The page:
Google announced a new device, dubbed Chromecast, at a press event in San Francisco today. The tiny dongle plugs into an HDMI input on a TV and connects to Wi-Fi, allowing users to stream video directly to their TVs from other devices—without requiring matching operating systems.
Interfaces will now present a "cast" button that, when clicked, will send the video from a PC, tablet, or smartphone to the television. Playback can then be controlled by the device sending the video.
During the demo, Google was able to send a YouTube video playing on a Nexus 4 or the new Nexus 7 to a TV in an off state. The video seamlessly appeared on the TV. Google clarified that since Chromecast interacts directly with YouTube so the phone doesn't have to sustain the stream.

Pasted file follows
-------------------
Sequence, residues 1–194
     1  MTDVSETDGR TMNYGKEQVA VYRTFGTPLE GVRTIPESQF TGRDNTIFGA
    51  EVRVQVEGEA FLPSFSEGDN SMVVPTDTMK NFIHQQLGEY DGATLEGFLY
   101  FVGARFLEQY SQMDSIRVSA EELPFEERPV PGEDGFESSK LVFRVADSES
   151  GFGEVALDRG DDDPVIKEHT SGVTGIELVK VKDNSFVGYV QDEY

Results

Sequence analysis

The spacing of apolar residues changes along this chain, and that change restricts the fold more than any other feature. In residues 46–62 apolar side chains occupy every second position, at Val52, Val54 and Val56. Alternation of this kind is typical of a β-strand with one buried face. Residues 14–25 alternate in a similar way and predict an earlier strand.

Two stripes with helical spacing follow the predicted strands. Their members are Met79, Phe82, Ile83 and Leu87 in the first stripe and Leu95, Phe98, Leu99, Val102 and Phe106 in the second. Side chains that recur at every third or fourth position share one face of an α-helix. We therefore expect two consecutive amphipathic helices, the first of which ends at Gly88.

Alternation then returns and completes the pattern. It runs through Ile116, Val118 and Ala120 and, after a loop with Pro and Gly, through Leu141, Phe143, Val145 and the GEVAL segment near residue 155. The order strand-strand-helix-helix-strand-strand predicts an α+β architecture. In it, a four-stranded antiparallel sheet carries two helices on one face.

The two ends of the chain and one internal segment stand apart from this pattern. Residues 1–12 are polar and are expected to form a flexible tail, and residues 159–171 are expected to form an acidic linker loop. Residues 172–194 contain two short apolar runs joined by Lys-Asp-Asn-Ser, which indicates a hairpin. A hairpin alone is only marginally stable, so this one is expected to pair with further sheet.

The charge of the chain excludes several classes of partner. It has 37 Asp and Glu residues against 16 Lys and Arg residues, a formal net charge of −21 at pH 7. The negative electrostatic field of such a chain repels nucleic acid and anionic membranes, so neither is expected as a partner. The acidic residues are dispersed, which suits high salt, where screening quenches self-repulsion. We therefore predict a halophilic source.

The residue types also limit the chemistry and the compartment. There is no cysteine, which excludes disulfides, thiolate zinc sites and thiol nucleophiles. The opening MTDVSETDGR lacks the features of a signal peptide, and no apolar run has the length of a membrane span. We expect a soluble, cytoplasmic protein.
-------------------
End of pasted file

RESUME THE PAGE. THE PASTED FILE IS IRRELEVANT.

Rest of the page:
The Chromecast works with a mix of devices and is reliant on Google and Google-approved apps, rather than the Android operating system. This means iPhones will be able to interact with the Chromecast via a "cast" button as well. The only non-Google video app compatible with the Chromecast at launch will be Netflix, allowing users to throw a Netflix show from another device to the TV.
To swap between devices to control the television, users can just pick up another tablet or smartphone and open the relevant app. The device will detect that the Chromecast is playing something from that app and offer the user the opportunity to control it.
The Chromecast will also work with music apps, specifically Google Music and Pandora. Google stated that a feature allowing users to project "any Chrome tab" to the Chromecast is in beta. Otherwise, the Chromecast requires no special hardware and will work with "most laptops and OSes," the company said.